pak

Provides information on the security classification of the incoming packet.

src

Indicates the source IP address.

dst

Indicates the destination IP address.

The following line indicates that the packet was locally generated, and it has been classified with the internally significant security level "insert" (0xff) and authority 0x0:

idb: NULL
pak: insert (0xff) 0x0

The following line indicates that the packet was received via an interface with dedicated IP security configured. Specifically, the interface is configured at security level "secret" and with authority information of 0x0. The packet itself was classified at level "secret" (0x5a) and authority 0x10.

idb: secret (0x6) 0x10 to secret (0x6) 0x10, no implicit
     def secret (0x6) 0x10
pak: secret (0x5A) 0x10

debug ip socket

Use the debug ip socket EXEC command to display all state change information for all sockets. Use the no form of this command to disable debugging output.

[no] debug ip socket

Usage Guidelines

Use this command to collect information on the socket interface. To get more complete information on a socket/TCP port pair, use this command in conjunction with debug ip tcp transactions.

Because the socket debugging information is state-change oriented, you will not see the debug message on a per packet basis. However, if the connections normally have very short lives (few packet exchanges during the life cycle of a connection), then socket debugging could become expensive because of the state changes involved during connection setup and teardown.

Sample Displays

The following is sample output from the debug ip socket output from a server process:

Router# debug ip socket
Added socket 0x60B86228 to process 40
SOCKET: set TCP property TCP_PID, socket 0x60B86228, TCB 0x60B85E38
Accepted new socket fd 1, TCB 0x60B85E38
Added socket 0x60B86798 to process 40
SOCKET: set TCP property TCP_PID, socket 0x60B86798, TCB 0x60B877C0
SOCKET: set TCP property TCP_BIT_NOTIFY, socket 0x60B86798, TCB 0x60B877C0
SOCKET: created new socket to TCP, fd 2, TCB 0x60B877C0
SOCKET: bound socket fd 2 to TCB 0x60B877C0
SOCKET: set TCP property TCP_WINDOW_SIZE, socket 0x60B86798, TCB 0x60B877C0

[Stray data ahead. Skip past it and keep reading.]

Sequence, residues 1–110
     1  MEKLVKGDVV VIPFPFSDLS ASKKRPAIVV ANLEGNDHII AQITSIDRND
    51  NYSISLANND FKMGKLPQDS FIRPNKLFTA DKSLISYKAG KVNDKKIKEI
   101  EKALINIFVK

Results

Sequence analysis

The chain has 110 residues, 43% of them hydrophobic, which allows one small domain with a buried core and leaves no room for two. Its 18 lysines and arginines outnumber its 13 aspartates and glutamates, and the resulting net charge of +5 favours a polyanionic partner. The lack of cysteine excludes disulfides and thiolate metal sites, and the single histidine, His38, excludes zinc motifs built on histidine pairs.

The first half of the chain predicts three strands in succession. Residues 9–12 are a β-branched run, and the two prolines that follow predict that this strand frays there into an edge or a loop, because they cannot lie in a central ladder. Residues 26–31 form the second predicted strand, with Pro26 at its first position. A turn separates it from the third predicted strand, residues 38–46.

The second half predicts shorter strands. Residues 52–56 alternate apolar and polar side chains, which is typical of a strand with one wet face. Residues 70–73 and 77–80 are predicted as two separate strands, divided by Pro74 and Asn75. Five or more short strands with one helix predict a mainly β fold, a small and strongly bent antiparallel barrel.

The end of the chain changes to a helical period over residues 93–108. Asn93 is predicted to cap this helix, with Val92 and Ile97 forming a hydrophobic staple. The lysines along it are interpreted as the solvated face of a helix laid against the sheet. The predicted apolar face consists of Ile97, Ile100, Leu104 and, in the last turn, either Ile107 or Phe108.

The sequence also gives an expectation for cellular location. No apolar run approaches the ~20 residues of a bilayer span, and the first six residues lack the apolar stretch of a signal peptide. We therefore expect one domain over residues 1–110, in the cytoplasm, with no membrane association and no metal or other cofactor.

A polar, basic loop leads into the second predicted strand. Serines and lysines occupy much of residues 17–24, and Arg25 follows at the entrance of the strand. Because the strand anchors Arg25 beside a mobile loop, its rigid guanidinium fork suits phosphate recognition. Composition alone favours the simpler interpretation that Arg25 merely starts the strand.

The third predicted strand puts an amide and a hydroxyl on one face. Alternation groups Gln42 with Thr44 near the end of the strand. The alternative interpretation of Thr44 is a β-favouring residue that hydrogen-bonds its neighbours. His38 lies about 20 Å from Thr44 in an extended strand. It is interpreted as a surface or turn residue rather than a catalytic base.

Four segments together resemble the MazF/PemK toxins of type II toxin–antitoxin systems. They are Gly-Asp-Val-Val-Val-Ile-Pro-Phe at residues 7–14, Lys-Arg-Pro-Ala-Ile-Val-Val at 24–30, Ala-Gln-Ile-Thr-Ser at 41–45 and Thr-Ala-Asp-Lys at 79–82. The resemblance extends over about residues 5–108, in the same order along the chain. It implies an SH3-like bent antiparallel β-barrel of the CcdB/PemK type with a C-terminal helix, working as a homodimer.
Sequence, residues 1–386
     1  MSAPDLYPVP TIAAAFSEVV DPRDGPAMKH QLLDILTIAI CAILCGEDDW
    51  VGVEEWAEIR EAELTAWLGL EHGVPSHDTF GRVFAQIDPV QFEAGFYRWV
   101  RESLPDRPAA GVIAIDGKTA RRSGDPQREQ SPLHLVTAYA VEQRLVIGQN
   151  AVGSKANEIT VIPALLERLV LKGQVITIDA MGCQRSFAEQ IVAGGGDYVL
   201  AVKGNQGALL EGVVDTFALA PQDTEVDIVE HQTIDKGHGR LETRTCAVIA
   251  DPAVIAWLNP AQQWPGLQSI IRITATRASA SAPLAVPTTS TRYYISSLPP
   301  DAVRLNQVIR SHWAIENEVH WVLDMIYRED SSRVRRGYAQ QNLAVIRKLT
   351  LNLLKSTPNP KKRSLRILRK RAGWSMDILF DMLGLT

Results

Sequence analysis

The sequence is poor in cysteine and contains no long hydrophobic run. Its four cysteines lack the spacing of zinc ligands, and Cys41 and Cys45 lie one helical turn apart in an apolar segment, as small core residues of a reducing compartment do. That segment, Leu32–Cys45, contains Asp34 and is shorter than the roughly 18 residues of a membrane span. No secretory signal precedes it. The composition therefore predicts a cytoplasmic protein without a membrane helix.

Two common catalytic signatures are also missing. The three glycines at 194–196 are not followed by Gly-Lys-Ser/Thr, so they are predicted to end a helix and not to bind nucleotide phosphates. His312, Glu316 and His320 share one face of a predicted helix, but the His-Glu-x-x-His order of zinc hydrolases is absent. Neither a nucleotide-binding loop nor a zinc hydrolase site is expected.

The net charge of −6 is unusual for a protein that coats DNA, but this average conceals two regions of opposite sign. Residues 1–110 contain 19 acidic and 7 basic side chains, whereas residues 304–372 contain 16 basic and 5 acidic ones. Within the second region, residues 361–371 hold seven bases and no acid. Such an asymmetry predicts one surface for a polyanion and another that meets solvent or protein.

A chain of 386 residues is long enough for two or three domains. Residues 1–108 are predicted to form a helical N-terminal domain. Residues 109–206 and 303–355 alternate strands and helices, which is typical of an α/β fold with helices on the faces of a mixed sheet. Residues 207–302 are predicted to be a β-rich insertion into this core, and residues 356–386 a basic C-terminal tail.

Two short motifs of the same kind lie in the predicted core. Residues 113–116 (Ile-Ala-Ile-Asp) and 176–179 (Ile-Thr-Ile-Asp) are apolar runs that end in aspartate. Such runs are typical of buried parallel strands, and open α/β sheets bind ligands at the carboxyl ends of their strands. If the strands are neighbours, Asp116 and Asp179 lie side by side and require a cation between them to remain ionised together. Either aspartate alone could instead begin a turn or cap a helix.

SOCKET: listen on socket fd 2, TCB 0x60B877C0
SOCKET: closing socket 0x60B86228, TCB 0x60B85E38
SOCKET: socket event process: socket 0x60B86228, TCB new state --> FINWAIT1
socket state: SS_ISCONNECTED SS_CANTSENDMORE SS_ISDISCONNECTING
SOCKET: Removed socket 0x60B86228 from process 40 socket list

The following is sample output from the debug ip socket command from a client process:

Router# debug ip socket
Added socket 0x60B70220 to process 2
SOCKET: set TCP property TCP_PID, socket 0x60B70220, TCB 0x60B6CFDC
SOCKET: set TCP property TCP_BIT_NOTIFY, socket 0x60B70220, TCB 0x60B6CFDC
SOCKET: created new socket to TCP, fd 0, TCB 0x60B6CFDC
SOCKET: socket event process: socket 0x60B70220, TCB new state --> SYNSENT
socket state: SS_ISCONNECTING
SOCKET: socket event process: socket 0x60B70220, TCB new state --> ESTAB
socket state: SS_ISCONNECTING
SOCKET: closing socket 0x60B70220, TCB 0x60B6CFDC
SOCKET: socket event process: socket 0x60B70220, TCB new state --> FINWAIT1
socket state: SS_ISCONNECTED SS_CANTSENDMORE SS_ISDISCONNECTING
SOCKET: Removed socket 0x60B70220 from process 2 socket list

Table 70 describes the significant fields in the output.


Table 70:
Field Description

Added socket 0x60B86228 process 40

New socket is opened for process 40.

SOCKET

Indicates that this is a SOCKET transaction.

set TCP property TCP_PID

Set process ID to the TCP associated with the socket.

socket 0x60B86228, TCB 0x60B85E38

Address for the socket/TCP pair.

set TCP property TCP_BIT_NOTIFY

Set the method for how the socket wants to be notified for an event.

created new socket to TCP, fd 2

Opened a new socket referenced by file descriptor 2 to TCP.

bound socket fd 2 to TCB

Bound the socket referenced by file descriptor 2 to TCP.

listen on socket fd 2

Indicates which file descriptor the application is listening to.

closing socket

Indicates the socket is being closed.

socket event process

Processed a state change event occurred in the transport layer.

TCB new state --> FINWAIT1

TCP state machine changed to FINWAIT1. (See the debug ip tcp transaction command for more information on TCP state machines.)

socket state: SS_ISCONNECTED SS_CANTSENDMORE SS_ISDISCONNECTING

New SOCKET state flags after the transport event processing. This socket is still connected, but disconnecting is in progress, and it will not send more data to peer.

Possible SOCKET state flags follow: